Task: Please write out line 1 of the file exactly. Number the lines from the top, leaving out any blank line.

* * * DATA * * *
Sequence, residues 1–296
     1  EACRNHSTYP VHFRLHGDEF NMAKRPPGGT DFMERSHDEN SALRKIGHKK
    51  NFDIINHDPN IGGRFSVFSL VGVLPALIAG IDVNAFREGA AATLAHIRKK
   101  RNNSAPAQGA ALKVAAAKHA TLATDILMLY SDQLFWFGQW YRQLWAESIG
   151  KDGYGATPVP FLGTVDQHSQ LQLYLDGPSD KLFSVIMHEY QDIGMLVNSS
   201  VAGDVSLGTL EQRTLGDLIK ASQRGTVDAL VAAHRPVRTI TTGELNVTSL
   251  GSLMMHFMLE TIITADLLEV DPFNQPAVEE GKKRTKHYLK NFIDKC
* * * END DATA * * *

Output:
Sequence, residues 1–296